The ease with which many news outlets can revert to the dreaded “Car vs. Bicycle Fatality” headline is always disturbing. In this instance, the details from the paper indicate that it was around midnight, therefore it was dark. While many details on the conditions of the driver were still unknown at the time of publication, the immediacy in reporting that the cyclist had no lights, the cyclist did not wear a helmet, the cyclist’s clothes were dark, and that the cyclist was in the roadway were all apparently noteworthy facts in almost every report. Some reports went so far as to declare that the law requires bicyclists to “consider” wearing bright clothing and helmets and to “consider” riding on the sidewalks. (Aside from finding no state or local laws requiring a road user to dress in a certain way, there is the constitutionally questionable sidepath ordinance in Spirit Lake.)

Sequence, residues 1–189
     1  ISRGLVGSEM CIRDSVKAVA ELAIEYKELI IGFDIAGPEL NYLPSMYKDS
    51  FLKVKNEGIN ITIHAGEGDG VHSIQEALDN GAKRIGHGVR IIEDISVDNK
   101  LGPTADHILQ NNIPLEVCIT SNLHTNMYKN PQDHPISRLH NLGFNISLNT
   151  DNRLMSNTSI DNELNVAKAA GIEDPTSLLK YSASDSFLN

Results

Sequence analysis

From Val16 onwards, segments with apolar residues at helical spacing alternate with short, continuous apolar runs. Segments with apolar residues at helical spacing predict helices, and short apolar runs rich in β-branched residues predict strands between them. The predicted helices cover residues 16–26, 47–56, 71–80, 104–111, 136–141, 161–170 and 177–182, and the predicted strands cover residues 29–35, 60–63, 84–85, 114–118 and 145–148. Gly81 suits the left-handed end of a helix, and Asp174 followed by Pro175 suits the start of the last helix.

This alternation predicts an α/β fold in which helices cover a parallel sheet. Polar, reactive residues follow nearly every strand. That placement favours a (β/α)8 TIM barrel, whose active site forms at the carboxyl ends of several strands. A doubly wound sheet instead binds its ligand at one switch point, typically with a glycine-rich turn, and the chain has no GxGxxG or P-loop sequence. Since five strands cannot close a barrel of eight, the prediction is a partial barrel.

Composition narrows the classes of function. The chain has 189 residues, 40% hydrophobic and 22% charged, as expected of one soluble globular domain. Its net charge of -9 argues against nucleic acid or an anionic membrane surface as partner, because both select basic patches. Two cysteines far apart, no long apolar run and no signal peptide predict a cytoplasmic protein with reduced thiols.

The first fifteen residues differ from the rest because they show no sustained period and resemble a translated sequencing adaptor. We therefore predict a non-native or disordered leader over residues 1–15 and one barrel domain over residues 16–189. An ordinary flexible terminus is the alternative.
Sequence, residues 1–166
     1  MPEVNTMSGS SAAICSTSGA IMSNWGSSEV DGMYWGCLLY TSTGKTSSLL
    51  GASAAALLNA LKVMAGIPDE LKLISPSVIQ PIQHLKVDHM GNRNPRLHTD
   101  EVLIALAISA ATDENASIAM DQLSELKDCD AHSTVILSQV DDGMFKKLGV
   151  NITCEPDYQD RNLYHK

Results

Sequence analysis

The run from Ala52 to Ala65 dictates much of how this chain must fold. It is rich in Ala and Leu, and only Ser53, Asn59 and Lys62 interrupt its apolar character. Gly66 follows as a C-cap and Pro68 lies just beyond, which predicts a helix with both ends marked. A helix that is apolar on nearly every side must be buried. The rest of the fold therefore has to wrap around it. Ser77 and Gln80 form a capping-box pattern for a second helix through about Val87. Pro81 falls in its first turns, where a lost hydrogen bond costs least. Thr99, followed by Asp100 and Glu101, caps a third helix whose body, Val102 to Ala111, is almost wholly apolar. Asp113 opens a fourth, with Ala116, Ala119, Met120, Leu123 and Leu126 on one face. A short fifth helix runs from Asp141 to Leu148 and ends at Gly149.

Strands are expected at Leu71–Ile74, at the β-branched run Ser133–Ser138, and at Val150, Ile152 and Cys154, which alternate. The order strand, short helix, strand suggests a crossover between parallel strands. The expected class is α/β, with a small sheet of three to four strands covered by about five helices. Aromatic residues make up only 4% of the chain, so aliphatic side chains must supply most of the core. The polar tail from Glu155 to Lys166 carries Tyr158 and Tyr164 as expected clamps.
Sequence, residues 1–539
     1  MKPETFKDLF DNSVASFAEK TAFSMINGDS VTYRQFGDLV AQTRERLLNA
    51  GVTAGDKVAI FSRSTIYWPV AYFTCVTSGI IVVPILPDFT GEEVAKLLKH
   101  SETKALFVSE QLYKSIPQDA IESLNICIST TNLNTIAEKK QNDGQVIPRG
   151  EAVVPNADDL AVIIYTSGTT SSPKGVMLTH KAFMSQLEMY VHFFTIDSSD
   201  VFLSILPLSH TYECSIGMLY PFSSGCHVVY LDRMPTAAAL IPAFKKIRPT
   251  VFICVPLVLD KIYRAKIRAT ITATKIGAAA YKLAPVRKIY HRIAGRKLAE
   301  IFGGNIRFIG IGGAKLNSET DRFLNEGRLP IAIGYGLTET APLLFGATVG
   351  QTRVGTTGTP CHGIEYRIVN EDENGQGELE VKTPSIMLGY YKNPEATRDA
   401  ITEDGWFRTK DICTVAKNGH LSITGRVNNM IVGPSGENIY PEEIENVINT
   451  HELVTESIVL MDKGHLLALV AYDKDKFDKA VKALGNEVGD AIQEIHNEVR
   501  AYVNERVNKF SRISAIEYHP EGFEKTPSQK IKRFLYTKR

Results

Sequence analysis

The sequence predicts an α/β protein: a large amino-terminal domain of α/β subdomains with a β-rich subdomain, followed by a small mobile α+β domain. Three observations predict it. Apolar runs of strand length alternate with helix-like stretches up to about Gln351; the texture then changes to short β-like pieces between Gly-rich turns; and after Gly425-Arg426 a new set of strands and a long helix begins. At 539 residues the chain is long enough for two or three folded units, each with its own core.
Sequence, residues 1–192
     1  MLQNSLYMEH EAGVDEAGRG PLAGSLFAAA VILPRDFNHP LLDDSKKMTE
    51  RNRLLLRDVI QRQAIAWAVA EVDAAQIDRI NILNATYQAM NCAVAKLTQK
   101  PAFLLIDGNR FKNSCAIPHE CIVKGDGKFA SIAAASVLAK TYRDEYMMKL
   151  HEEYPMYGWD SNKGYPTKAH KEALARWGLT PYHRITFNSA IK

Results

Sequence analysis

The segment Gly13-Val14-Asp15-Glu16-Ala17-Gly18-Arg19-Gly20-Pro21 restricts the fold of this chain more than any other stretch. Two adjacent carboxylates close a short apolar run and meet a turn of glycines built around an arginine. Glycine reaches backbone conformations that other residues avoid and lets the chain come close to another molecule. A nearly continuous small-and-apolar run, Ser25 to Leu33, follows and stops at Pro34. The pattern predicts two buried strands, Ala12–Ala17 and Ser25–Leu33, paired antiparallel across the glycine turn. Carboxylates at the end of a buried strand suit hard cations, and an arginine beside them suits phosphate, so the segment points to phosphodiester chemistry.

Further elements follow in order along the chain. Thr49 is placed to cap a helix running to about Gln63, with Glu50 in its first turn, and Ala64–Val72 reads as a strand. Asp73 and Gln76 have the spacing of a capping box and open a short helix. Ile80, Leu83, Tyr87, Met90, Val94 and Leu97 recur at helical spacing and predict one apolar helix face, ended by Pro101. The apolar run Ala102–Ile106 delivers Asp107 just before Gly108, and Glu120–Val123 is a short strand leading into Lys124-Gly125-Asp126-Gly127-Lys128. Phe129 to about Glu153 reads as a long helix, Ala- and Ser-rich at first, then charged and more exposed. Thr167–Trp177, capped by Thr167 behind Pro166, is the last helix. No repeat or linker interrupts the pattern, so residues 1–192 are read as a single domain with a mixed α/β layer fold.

I have to believe the media included this information as a good faith effort to promote what the habits of safe cycling entail, thereby turning this negative event into a positive lesson. If that is the case, attempting to make a positive out of a negative certainly deserves credit for good intentions. What is worrisome, however, is that this methodology brings with it the negative consequences that will dangerously affect the minds of all road users. A cyclist’s negligence is certainly one possibility, but it is merely a possibility and should not be led to conclusively. When a story of a horrific collision is quickly painted as an issue that existed solely because of a cyclist, there’s a problem. I cringe at the number of households shrugging off this story with blame on the victim for, “being somewhere she should not have been,” and, “doing something she should not have done,” based on this leading and conclusive fact pattern.